More than any other type of interview, recruiters for a sales position anticipate that you carry yourself with calm confidence and can chat easily. After all, a sales position generally requires that you easily interact with customers of all demographics and backgrounds.
You’ll need to think on your feet and be well-prepared in any sales environment. Showcase your ability to sell a product or service by persuasively selling yourself as the best candidate. Take a step back, consider yourself as the product, and apply your professional sales skills to the interview. Create an elevator pitch that tells them what makes you the best fit for their needs, what are your unique qualities and career goals.
Having created an elevator pitch will help get you in the right mindset to prove you’re the best solution for their needs.
What Are Common Sales Interview Questions?
Conduct research on the company, monitor trends that interest them, and practice some answers. While you’ll never know precisely what questions might be asked of you ahead of time, there is often a mix of technical and situational questions during the conversation. The recruiter will seek to understand your process, how organized you are, and if your character traits are a great fit for their company culture.
We’ve got some frequently asked sales interview questions to get your creative juices flowing.
How would you sell me this pen?
This is a classic question during sales interviews. It helps the recruiter learn if you can think on your feet and gives you a solid chance to demonstrate your skills around something you’re familiar with. There will be no one correct response, and the item isn’t always a pen. It could be any number of regular items, such as a pencil, an apple, or even a product or service that the employer markets. Regardless of the product, this question is intended to learn about your sales process, communication skills, and creativity.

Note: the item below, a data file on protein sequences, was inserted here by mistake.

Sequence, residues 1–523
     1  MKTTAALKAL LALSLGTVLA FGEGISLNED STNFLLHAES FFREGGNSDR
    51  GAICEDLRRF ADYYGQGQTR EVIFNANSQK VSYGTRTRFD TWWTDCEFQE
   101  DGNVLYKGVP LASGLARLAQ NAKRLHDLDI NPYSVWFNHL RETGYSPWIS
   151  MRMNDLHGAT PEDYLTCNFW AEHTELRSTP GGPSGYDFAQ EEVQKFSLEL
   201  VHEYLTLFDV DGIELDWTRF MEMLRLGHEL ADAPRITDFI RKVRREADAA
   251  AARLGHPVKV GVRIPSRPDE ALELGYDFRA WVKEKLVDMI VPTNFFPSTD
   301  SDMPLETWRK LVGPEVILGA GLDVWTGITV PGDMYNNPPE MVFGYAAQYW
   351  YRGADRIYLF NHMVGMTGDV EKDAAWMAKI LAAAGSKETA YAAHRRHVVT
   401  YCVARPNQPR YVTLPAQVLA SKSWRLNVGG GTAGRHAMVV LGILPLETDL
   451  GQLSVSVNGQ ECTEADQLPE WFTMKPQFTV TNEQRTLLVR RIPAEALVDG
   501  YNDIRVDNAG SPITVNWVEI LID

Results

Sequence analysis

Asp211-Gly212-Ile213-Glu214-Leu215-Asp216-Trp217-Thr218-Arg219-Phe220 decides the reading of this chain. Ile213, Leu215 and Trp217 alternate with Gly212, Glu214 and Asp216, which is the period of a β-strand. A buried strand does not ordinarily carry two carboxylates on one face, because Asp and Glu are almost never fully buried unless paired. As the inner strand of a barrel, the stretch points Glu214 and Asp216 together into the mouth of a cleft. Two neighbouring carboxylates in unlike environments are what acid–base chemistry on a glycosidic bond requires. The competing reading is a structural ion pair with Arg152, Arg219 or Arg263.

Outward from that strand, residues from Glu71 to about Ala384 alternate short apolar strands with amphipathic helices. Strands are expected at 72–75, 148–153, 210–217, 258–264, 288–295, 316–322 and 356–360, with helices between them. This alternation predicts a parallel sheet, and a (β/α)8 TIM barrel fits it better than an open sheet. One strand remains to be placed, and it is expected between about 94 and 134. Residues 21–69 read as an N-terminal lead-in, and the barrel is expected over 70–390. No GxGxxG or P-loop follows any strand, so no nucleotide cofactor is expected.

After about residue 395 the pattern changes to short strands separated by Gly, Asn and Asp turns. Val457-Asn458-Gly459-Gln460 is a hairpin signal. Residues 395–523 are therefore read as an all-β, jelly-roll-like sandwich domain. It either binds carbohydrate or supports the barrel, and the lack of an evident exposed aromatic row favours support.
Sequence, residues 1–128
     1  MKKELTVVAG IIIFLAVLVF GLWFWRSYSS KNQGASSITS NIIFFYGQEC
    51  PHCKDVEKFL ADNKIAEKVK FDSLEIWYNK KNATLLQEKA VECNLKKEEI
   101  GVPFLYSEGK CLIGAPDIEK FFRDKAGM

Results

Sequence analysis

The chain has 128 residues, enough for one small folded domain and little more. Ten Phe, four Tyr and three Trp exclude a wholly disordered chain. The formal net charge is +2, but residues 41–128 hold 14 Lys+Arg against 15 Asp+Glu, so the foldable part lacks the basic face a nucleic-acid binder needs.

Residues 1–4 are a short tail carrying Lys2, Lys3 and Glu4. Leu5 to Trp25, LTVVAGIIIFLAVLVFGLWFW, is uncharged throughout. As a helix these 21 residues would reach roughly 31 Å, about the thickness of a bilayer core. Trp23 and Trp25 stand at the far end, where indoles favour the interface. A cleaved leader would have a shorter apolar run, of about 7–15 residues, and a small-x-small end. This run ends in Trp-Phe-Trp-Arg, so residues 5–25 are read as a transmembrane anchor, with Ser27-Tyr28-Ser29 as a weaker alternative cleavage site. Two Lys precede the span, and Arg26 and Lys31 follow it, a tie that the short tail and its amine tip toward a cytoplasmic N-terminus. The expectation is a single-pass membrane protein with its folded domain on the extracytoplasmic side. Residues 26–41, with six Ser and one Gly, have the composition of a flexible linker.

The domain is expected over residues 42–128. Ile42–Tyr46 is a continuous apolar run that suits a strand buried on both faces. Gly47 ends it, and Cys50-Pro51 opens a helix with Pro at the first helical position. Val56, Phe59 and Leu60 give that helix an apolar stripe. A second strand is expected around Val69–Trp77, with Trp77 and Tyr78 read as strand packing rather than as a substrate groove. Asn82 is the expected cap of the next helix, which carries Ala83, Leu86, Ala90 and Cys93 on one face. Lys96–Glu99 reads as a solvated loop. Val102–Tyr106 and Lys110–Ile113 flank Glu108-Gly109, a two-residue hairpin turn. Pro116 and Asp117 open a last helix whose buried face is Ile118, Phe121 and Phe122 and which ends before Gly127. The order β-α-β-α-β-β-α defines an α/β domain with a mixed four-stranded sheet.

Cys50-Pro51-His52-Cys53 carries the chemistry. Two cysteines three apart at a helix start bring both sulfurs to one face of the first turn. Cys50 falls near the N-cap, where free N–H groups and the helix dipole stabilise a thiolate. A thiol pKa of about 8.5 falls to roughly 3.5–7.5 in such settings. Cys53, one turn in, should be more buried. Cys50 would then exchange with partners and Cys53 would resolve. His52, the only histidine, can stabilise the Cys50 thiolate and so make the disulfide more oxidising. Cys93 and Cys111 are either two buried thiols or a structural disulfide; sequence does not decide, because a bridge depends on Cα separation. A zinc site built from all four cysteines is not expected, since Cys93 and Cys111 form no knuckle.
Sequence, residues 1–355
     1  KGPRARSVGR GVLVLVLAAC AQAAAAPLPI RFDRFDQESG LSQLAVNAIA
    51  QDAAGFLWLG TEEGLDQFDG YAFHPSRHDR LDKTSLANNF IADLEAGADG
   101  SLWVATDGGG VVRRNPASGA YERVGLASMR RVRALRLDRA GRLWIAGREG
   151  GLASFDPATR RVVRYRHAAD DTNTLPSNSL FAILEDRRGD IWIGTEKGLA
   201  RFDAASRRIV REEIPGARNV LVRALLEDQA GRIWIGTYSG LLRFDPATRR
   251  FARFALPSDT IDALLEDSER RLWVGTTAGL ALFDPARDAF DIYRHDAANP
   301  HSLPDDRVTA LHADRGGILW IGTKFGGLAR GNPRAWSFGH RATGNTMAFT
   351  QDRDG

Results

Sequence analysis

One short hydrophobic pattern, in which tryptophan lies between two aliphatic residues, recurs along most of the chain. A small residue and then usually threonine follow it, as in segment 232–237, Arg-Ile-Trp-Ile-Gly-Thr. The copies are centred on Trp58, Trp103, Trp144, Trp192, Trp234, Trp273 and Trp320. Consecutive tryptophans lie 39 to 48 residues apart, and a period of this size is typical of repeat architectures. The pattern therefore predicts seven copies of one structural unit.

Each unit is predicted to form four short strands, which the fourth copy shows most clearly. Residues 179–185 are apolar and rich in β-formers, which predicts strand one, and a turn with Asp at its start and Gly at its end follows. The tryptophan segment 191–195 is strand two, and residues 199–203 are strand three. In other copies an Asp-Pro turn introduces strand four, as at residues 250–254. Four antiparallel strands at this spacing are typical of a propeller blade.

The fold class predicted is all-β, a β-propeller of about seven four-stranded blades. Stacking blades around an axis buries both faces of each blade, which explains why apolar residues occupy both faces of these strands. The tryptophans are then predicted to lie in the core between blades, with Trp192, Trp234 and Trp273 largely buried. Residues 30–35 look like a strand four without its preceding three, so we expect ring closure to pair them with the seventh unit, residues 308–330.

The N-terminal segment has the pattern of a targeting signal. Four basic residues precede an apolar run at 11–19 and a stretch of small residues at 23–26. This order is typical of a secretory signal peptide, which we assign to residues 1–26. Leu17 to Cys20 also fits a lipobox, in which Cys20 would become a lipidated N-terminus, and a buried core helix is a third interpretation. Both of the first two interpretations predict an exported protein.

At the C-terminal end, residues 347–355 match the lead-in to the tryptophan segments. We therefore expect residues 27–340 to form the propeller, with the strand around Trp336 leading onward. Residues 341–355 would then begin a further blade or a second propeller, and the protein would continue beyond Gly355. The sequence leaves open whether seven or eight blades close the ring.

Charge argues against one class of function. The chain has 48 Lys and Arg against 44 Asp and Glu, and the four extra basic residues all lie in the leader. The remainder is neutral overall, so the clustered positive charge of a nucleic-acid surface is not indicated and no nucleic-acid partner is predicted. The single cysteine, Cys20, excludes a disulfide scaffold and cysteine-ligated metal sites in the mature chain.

“I’d love to help you figure out if this pen would fit your needs. Can you tell me a little about when and how you’ll use it? Taking notes for business? This is actually an excellent choice for that purpose, as the cap seals tightly, so you won’t find stains in your shirt pocket or leaked ink in your writing pad. Also, the ink flows well, so you won’t waste time with a pen that you have to shake or scribble with to get it to flow.”
How do you stay current with the trends in your market?
Successful salespeople need to keep their fingers on the pulse of changing industry trends. To assess your interest in your role, interviewers might ask about current topics. They’re interested to see whether you care enough to do more than simply show up for a paycheck. Be prepared with an industry news item that is timely and relevant.
“I follow a few industry-leading sites, such as [X, Y, and Z], and listen to [a relevant podcast, for example]. They have all been touching lately on the [example trend]. So, I’ve been researching that to become more familiar with it.”
What motivates you to sell?
This is really a chance to find out what drives you. Sales positions require goal-oriented and driven employees to meet challenging deadlines. Show off your competitive side by noting how you challenge yourself. Research the company beforehand, tie your answers into their targets, and touch on how you enjoy creating solutions for people.